DIRECTED BY: Derek Jarman
FEATURING: Heathcote Williams, , Jack Birkett
PLOT: Prospero, a magician and the rightful Duke of Milan, conjures up a tempest to shipwreck
his usurper on the remote island where his lives with his virgin daughter and the magical creatures he’s enslaved.
WHY IT WON’T MAKE THE LIST: Shaking up Shakespeare with a storm of weirdness, Derek Jarman’s The Tempest is an interpretation of the Bard’s final play featuring bizarre costumes, ample nudity, and an out-of-place, out-of-time closing song and dance number. The main argument against it making the List, however, is that this isn’t the weirdest—or even the nudest—adaptation of “The Tempest.”
COMMENTS: “This is as strange a thing as ever I looked on,” says seaman Alonso when he first discovers Caliban. Although Derek Jarman’s wild interpretation of The Tempest may not be quite the strangest thing you’ve ever seen, if you went into it expecting to see a dry Masterpiece Theater-style rendition of Shakespeare’s most fanciful play, you’d likely be shocked. Jarman keeps Shakespeare’s text intact (although it’s truncated for running time), but slowly teases out the hallucinatory elements in the magical story. The movie is set almost entirely in a dusty, abandoned English manner illuminated by candlelight. The early reels court a Gothic horror feel, with the spirit Ariel’s first appearance presaged by poltergeists rattling chandeliers and dramatic flashes of lighting. The makeup and costuming, beginning with Toyah Willcox’ unruly braids cut to uneven lengths and decorated with hanging beads, starts strange and gets ever stranger as the film approaches its baroque climax. The frequent nudity, although always tasteful and rendered with a classical sense of composition, is continually surprising. It’s difficult to imagine in 2012 how shocking the male full-frontals must have seemed in 1979, but the flashback to the obese witch Sycorax breastfeeding her adult son Caliban still delivers a jolt today. More weirdness results from the late appearance of bizarrely costumed carnival dwarfs (some in drag) as fairy spirits of the magical isle, as the movie builds towards its extravagant wedding climax. In this notorious ceremony, a dozen sailors in starched white suits appear from nowhere to perform a Busby Berkeley style production number, and jazz singer Elisabeth Welch appears in a downpour of flower petals wearing a glittery showgirl headdress to croon the blues number “Stormy Weather.” Although the song title reflects the play title, this mournful tune about lost love is not the ditty most brides want to hear at their wedding reception. The performances in The Tempest are merely adequate. Pop singer Willcox makes for a endearingly sexy Miranda. Jack Birkett’s bald, raw-egg eating Caliban has been criticized as overly grotesque—indeed, at times he comes off like he’s playing Igor in a Frankenstein film—but compared to Heathcote Williams’ bland (and too young) Prospero, he’s a delight. This is not an actor-centered production, and none of the performers threaten to upstage the lush production design and Jarman’s florid imagination. The Tempest may not be as kinky and outlandish as Tromeo and Juliet, but if conventional Shakespeare doesn’t have enough kick for you, this bizarre variation might just be the answer to your Bard blues.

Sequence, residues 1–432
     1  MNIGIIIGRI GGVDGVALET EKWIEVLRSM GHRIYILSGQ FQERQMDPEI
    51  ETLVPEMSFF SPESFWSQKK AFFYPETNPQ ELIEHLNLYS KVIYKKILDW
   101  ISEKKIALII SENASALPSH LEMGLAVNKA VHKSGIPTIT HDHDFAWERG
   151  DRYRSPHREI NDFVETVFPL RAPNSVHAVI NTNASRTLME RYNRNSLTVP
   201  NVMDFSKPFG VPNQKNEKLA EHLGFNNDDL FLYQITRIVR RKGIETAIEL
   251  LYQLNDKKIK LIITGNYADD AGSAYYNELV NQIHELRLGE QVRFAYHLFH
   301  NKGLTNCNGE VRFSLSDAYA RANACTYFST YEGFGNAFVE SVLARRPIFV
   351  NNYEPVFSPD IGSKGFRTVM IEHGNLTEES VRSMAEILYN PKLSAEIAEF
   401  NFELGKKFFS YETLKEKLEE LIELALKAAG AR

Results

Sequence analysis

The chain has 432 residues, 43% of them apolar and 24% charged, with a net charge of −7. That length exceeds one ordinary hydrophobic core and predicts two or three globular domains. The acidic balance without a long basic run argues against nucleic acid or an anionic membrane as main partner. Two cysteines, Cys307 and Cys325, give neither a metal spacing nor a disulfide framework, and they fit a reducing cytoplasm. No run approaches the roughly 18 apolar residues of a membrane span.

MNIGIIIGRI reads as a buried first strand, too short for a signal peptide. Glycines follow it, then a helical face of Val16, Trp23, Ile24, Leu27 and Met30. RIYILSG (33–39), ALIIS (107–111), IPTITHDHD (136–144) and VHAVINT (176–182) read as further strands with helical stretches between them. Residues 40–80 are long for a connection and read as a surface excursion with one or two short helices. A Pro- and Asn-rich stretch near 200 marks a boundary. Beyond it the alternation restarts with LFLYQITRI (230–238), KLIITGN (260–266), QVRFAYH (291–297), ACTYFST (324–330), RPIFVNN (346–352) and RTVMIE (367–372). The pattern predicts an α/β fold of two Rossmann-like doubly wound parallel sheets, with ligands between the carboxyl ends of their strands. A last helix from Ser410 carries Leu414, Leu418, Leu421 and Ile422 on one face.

Many critics reflexively describe The Tempest as “homoerotic” because of Jarman’s openly gay lifestyle and past films, but the nudity here is non-sexual, there are as many females as males disrobed in the film, and there are no textual or subtextual homosexual relationships (unless you really stretch things looking for an unrequited Ariel-Prospero passion). This is, demonstrably, Shakespeare’s “strangest” play: the word “strange” appears in The Tempest at least nineteen times, more than in any of his other works.
WHAT THE CRITICS SAY: